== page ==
Good morning! Welcome to The Morning Shift, your roundup of the auto news you crave, all in one place every weekday morning. Here are the important stories you need to know.
1st Gear: What Did You Do In The War, Daddy? I Sold Luxury Cars
Locked in an eternal death struggle for luxury car sales dominance are BMW and Mercedes, and the latter has extended its lead as the crossover market continues to grow exponentially.
Here’s a report from the field via Bloomberg in Automotive News:
A jump in deliveries of SUVs and crossovers helped Mercedes increase sales almost twice as fast as BMW in the first nine months, expanding the Daimler AG unit’s lead to 57,985 cars, according to data released by the manufacturers.
Mercedes is poised to achieve its 2020 target of unseating BMW AG’s namesake brand as the world’s biggest seller of premium vehicles already this year, Daimler CEO Dieter Zetsche said this week, which would put Mercedes back on top for the first time since 2005.
Mercedes is winning over customers with a recently updated lineup of trendy models that appeal to younger buyers, including the GLC coupe and compact GLA sport utility vehicle.
BMW is responding with a revamp of its 5-Series business sedan to rival Mercedes’s popular E-Class, adding new self-driving features that control speed, help drivers stay in lane and keep distance to nearby cars.
Why does the 5 Series matter, especially at a time when sedan sales are being cannibalized by crossovers and SUVs? Because luxury sedans are still important, more so than non-luxury ones, particularly in China.
The 5-Series, set to hit showrooms in February, will range from a four-cylinder hybrid plug-in that can drive 45 kilometers on a single charge, to a more powerful eight-cylinder gasoline version, BMW said in a statement on Thursday.
The car is critical for BMW after an overhaul of its top-of-the-line 7-Series sedan received a muted response.
As the story notes BMW has downplayed the need to be the No. 1 seller, in favor of focusing on profitability.
2nd Gear: Here’s What’s Going On With The Tesla And Solar City Merger
Here’s what’s going on with the Tesla and Solar City merger. Via Automotive News:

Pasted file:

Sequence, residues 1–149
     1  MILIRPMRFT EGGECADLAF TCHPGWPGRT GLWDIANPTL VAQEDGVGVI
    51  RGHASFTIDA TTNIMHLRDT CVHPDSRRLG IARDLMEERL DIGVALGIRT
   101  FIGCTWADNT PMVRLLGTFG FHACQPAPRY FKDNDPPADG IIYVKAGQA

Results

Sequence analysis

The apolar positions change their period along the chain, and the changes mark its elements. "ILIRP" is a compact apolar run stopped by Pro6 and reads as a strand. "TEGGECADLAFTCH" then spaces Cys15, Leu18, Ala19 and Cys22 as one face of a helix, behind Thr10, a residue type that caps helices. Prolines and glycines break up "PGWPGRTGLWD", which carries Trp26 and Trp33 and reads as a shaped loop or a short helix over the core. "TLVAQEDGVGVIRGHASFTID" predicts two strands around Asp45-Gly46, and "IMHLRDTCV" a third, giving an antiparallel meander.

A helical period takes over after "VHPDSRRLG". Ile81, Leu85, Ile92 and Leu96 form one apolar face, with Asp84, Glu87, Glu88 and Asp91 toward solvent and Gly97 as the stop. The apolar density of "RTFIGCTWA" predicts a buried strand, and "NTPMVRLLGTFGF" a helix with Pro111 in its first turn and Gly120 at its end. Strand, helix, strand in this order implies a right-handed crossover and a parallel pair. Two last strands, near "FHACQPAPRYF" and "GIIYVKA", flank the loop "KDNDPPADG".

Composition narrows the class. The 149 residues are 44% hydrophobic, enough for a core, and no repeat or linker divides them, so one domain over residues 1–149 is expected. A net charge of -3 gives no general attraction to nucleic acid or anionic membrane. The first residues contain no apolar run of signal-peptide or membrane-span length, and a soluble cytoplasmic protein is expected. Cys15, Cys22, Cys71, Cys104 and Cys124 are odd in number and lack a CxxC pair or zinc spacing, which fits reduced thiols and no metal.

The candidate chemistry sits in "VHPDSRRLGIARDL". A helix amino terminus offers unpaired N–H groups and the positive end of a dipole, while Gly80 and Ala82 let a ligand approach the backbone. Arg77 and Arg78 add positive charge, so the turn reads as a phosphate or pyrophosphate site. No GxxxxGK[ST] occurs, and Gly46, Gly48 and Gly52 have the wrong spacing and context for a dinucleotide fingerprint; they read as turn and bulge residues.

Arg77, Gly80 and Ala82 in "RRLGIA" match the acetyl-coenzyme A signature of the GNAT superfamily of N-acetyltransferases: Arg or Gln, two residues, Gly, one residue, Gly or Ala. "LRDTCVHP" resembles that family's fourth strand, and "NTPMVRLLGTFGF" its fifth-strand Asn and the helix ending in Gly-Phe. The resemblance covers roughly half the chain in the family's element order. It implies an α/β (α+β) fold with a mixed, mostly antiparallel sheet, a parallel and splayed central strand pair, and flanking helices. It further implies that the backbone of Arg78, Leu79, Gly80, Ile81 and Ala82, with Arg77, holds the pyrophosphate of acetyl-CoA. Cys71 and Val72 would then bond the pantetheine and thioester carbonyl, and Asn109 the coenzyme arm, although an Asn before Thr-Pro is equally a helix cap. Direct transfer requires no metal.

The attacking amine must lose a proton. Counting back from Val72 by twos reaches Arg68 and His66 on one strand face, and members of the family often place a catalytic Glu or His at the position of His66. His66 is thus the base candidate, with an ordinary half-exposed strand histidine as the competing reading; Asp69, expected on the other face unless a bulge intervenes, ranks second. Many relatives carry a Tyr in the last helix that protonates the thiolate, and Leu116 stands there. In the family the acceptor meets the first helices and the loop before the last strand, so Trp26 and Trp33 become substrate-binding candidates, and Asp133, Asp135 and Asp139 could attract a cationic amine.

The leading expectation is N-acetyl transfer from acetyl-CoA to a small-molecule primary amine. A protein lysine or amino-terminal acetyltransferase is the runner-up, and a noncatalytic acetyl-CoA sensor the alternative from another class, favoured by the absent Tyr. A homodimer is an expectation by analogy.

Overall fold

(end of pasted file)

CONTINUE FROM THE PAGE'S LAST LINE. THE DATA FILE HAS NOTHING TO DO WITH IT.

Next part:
Musk’s deep involvement with both companies has led to some investor unrest and lawsuits from seven different stockholders. Other shareholders questioned the business logic of the plan because SolarCity and Tesla are both burning cash while trying to fund future growth in nascent businesses. In a filing Tuesday, Tesla said that it will no longer need to raise capital in the fourth quarter and possibly not in the first quarter even if the merger is approved.
Musk has said his plan is for the new Tesla, which is funding development of its Model 3 mass-market electric car and the Gigafactory battery facility, is to give consumers a one-stop shop for solar energy generation, home battery storage and a way to charge their electric car.
The companies’ filing said, in addition to the vote date, that Tesla is paying out $441 million to holders of its 2018 senior convertible notes and has another $205 million outstanding. The company expects to pay the $441 million in the third and fourth quarters, according to the filing.
The merger vote, held by shareholders of both companies, happens Nov. 17. Tesla says it will release more information, including something about an undisclosed solar roof product, at the end of October.
3rd Gear: Volkswagen Rolls The Dice On Electricity
Volkswagen’s big plan to move past Dieselgate is to become an electric and hybrid car giant. That goal is commendable, and smartly forward-thinking; these kinds of vehicles are unquestionably the future.
Problem is, no one has made them profitable yet—not even Tesla. Sales aren’t where they need to be at all. Bloomberg spoke to analysts who warn that if VW is to transition in that direction, it’s something that could take until the end of the 2020s, and won’t be profitable for some time: